The Ketubah is the official Jewish marriage certificate which also incorporates the obligations of the groom towards his bride. The precise origins of the Ketubah is unknown and it is not mentioned anywhere in the Bible. In ancient times, the marriage ceremony was performed in public in the presence of the elders of the congregation and was the occasion for a feast. The festive - an official part of the ceremony - was concluded with the entry of the bride into her husband's tent to begin their conjugal lives. The legal expression for this form of marriage is "marriage through intimacy" as defined in the Rambam's "Yad Ha'Hazaka".
In the course of time the need was felt to provide legal sanction for the marriage act, and the Ketubah document emerged for that purpose. The first specific mention of this type of marriage contract is in the Apocrypha, in the Book of Tobit, and this served as a prototype for the Ketubah's place in the marriage ceremony: "And they inscribed these matters in a book, then they ate, drank and blessed the Lord" (Tobit 7.19). The Mishna attributes the codification of the Ketubah to Rabbi Shimon ben Shetah, Nasi (President) of the Sanhedrin, who lived in the 2nd century BC.
In accordance with Jewish law, the marriage ceremony includes the act of the groom handing his bride the Ketubah whereby he accepts the obligation to supply all her needs in their future life together. The Ketubah serves to defend the woman's position after her marriage and, in the words of the Gemara "so that it will not be easy for him to cast her aside".
The legal importance of the Ketubah in the relations between bride and groom is evidenced by the fact that Jewish law prohibits the husband from spending any time with his wife unless she is in possession of the ketubah, and should the original certificate be lost, he has to provide her with another. It is interesting to note that the unique status of the Holy Land in Jewish life finds expression even in the law concerning the Ketubah since it is ruled that should the wife refuse to follow her husband to the Holy Land, the Ketubah is automatically annulled.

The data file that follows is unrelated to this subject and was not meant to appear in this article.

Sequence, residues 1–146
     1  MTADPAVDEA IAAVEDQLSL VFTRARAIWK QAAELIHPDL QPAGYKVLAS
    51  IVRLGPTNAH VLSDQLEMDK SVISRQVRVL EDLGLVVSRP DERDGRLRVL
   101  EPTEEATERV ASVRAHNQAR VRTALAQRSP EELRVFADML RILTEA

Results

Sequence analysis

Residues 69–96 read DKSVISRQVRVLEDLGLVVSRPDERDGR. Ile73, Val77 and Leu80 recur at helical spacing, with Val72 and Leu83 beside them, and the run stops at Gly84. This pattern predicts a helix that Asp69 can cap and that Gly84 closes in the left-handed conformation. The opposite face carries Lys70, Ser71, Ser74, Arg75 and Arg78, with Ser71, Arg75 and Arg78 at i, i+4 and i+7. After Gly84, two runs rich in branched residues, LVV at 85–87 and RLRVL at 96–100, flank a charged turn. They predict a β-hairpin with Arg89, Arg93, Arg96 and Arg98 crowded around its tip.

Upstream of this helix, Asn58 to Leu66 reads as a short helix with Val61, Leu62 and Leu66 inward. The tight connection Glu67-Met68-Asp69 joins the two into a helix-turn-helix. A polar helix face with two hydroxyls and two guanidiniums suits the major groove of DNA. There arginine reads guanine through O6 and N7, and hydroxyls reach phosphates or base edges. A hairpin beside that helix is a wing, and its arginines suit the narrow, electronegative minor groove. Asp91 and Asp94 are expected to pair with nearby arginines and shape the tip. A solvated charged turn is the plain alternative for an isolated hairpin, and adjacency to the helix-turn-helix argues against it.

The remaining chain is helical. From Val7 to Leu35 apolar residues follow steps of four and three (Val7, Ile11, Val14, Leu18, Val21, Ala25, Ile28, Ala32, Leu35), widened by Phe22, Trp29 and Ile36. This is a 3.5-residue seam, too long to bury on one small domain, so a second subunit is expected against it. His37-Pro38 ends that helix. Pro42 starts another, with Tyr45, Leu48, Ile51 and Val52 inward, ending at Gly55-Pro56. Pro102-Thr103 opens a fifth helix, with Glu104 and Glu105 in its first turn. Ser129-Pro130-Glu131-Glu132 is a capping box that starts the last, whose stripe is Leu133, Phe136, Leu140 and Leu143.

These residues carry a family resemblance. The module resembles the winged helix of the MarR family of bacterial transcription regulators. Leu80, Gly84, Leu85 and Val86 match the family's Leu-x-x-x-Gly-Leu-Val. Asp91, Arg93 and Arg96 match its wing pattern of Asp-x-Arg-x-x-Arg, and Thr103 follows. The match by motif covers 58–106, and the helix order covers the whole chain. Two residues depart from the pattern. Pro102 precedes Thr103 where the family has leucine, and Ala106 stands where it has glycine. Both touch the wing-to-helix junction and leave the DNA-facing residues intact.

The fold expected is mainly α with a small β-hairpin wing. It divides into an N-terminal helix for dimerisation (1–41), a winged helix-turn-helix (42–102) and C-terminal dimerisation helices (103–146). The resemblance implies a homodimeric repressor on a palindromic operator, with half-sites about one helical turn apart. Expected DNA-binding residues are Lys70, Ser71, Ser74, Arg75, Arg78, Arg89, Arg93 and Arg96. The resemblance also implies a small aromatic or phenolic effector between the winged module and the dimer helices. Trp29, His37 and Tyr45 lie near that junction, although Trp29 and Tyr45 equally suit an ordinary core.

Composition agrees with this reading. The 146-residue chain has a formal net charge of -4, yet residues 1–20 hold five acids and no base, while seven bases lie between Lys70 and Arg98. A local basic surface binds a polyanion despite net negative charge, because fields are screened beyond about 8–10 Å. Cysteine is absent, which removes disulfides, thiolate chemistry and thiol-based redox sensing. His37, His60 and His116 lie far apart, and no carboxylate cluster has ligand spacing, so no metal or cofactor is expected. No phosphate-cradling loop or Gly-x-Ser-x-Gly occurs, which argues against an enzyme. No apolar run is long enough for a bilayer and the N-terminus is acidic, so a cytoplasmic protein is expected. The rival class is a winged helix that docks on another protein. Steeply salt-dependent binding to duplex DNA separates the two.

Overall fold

Although the Ketubah is a very common document, found in the possession of every Jewish community at all times, not many contracts from previous centuries can be found today in libraries, museums or in private collections.
The "Ketubah, Jerusalem, 1846" stamp (1):
The Ketubas of Jerusalem, the "Holy Cities" and the Jewish communities of the neighbouring countries (Lebanon and Syria) hold a special place among the ketubas from the lands of Islam, but in spite of the fact that the Jerusalem Ketubas belong, geographically speaking to the Middle [astern group, they are famous for their specific motifs which differ from those employed in the neighbouring Islamic countries.
The Ketuba shown on the stamp is a typical example of a Ketuba from Jerusalem. It is made of a rectangular parchment at the top of which is a dome crowned by a circle. Around the edges are floral decorations within a double frame (except for the bottom edge). The area within the frame is bisected by pillars supporting a kind of arch. In the upper section are roses flanked on either side by flowers and a pair of cypresses.
The "Ketubah, Morocco, 1897" stamp (2):
The IL. 3.90 stamp portrays an illuminated Ketuba from the Morrocan community of Meknes which clearly shows the influence of Islamic art both in the use of the decorative arabesques and other motifs typical of Arab architecture as well as in the use of blue and green commonly to be found in illuminated Moslem manuscripts.
The Ketuba is a rectangular parchment with a double frame decorated mainly with arabesques in floral and geometric patterns in the margins. The text, in the cursive script used by the Jews of Morocco, is underneath the arch. In the upper corners are two windows at each side, in Moorish style which call to mind the windows of the "El Transito" synagogue at Toledo. On the windows are inscribed the texts "A woman of worth who can find? Her price is above rubies"; "He who has found a wife has found a good thing...'; "May the Lord grant that the woman who enters your house be as Rachel and Lesh"; "May your house be as the house of perez...". The text is written in ink and watercolours (tempera) on paper and coloured in green, blue and ochre.
The "Ketubah, Nederland, 1648" stamp (3):
The stamp portrays a beautiful Dutch Ketubah from the 17th century. This Ketubah shows typical influence by Italian art. At that time in Holland, it was very common to find Ketubahs illustrated with highly-colored floral and figurative motifs typical of Italian art. The Jewish artists living in Holland were quick to master the new art of copper etching, which made big strides in the Low Countries, and apply the technique to the Ketubahs and their illumination. The designer of this specific Ketubah was a well-known copper-engraver artist, who came to Holland from Italy. Produced with copper etching, the Ketubah follows the Italian style of illumination by its use of rich artistic motifs, particularly in the use of the delightful colored, miniatures of biblical themes, each with the appropriate text enhanced by garlands of flowers. An escutcheon at the foot of the Ketubah contains the contract's clauses. Below it appears the artist's signature "by Shalom Italia".
All the Ketubot shown on the stamps are from the collection of the Israel Museum in Jerusalem. The stamps were issued in 1978.